...And So Our Troubles Began
posted on 5/2011 By:
Metallic (metalized?) hardcore has been a staple within the metal community for quite some time now. Just as well, too, since it has produced some memorable music. Of course time has passed and things have changed considerably, since hardcore punk bands like Suicidal Tendencies or D.R.I. thought that it would be rad if they added to their hyper-fast, no-compromise-no-prisoners sound elements of the then-nascent thrash metal, thus creating the infamous “crossover” movement.
Since then, hardcore has been mixed – to wildly differing results -- with classic metal, death metal, grindcore (which, by the way, is basically hardcore played at a gazillion mph) and other metal subgenres and trends. At its best moments, as with bands like Nails, it creates a vortex of intensity and hatred, unparalleled within the realm of metal. At its worst, what we get is metalcore? emocore? some shit like that. Well, now it’s time for hardcore to cluster-fuck with sludge and see what happens.
Well, what happens is Drainland, a band from Ireland (which, as of late, has started producing some very interesting and creative extreme bands, like black metal elitists Altar Of Plagues). With …And So Our Troubles Began, a Southern Lord re-release of two 2010 indie vinyl releases, the listener is treated to some of the most intense and desperate music this side of, say, early Today Is The Day or Eyehategod or Damaged-era Black Flag. By the way, these three bands seem, at least to these ears, to be huge influences for Drainland, with nods towards bands like Buzzov*en, and less to, say, Hatebreed or late-era Agnostic Front.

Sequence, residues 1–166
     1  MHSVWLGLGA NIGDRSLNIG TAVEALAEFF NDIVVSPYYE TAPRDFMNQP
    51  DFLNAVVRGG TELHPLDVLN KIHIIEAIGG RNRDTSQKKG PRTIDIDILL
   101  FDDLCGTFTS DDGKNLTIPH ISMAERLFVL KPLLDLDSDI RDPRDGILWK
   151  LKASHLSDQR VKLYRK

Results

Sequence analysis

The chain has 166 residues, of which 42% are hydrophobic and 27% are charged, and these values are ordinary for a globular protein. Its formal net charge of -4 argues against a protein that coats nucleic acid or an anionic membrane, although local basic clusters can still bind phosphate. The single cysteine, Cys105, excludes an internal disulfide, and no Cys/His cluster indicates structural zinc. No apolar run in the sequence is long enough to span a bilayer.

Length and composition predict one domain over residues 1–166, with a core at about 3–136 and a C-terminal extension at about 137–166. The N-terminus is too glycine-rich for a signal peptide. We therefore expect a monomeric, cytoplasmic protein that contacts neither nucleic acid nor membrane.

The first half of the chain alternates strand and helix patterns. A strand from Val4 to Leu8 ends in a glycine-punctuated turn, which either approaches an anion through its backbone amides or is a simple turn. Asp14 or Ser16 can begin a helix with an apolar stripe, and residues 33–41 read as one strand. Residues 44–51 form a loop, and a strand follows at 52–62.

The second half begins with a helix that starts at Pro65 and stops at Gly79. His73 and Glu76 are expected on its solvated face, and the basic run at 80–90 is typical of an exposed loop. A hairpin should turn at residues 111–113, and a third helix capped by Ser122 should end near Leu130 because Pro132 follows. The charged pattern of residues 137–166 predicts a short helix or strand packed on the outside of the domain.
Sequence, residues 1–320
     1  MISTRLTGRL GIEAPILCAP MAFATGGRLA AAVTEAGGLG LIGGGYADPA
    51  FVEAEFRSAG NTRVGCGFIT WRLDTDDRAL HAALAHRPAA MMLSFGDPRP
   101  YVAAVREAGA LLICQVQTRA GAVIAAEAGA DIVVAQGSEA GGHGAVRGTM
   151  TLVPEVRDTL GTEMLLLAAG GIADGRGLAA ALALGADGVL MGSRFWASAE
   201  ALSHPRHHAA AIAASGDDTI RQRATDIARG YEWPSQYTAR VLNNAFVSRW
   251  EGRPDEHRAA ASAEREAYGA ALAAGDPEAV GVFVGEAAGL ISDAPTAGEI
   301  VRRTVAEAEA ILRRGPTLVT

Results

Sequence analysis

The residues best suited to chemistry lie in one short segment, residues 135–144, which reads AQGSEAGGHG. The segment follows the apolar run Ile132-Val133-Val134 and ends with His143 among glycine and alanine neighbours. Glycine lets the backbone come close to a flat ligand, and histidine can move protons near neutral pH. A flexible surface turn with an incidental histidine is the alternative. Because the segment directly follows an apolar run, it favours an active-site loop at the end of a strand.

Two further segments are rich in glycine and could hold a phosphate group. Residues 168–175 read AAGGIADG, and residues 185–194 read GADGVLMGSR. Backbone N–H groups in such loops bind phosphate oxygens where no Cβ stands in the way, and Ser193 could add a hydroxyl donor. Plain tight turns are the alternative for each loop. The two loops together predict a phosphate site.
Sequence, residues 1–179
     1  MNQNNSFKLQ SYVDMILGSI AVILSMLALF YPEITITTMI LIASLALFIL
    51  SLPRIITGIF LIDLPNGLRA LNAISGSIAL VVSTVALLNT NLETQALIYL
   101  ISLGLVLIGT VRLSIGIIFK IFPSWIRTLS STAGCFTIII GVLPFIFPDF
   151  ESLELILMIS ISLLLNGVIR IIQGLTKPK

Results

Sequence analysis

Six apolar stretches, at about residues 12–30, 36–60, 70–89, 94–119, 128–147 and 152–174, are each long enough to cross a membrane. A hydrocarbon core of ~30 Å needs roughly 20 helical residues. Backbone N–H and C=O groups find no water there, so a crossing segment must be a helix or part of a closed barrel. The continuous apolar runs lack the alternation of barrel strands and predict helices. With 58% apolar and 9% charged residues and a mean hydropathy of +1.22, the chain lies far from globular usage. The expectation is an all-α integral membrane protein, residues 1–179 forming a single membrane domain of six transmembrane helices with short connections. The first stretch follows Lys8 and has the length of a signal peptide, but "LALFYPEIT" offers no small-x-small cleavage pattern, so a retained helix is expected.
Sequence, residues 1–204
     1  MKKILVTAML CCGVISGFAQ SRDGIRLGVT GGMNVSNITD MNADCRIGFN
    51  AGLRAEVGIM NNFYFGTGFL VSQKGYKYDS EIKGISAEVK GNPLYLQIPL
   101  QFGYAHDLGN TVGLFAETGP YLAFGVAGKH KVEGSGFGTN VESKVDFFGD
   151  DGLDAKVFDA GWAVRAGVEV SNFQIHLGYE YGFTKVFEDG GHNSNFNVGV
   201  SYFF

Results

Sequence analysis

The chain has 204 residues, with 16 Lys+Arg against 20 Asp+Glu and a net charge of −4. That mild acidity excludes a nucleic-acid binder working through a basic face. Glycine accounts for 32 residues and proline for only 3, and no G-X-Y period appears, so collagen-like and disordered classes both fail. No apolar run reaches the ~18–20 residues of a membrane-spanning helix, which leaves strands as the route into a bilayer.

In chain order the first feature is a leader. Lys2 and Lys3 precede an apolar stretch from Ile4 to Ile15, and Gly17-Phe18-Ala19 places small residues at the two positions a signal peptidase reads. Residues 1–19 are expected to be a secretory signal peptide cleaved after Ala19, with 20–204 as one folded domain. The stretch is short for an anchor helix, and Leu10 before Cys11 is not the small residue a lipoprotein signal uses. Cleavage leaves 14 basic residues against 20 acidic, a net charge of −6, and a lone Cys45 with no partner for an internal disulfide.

This all means that the songs contained here have no groove whatsoever; instead, the foine young lads of Drainland aim to create a suffocating, barely-held-together sense of desperation, blind rage and emotional collapse. The sound of the band is dissonant to the point of atonality. The riffs take their cues from slow-as-tar sludge, to completely un-groovy breakdowns, to sudden explosions of hardcore speed, before returning to sludge. The vocalist has enough venom in his screams/howls to be pretty convincing as a really upset young man.
But, what really makes this thing work is the total darkness that encompasses the music: here one won’t find even a quantum of poppiness or approachability. Drainland creates an impenetrable monolith of noise and angularity, of terror and despair. The levels of intensity are so high that, even though …And So… is a pretty short record, it ends up leaving the listener, ehm, emotionally drained. The bottom line here is that this is one hell of a good record: brutal, scary, intense, ugly and darker than it has any right to be. For fans of uncompromising extremity, …And So Our Troubles Began might be a real ear-candy.
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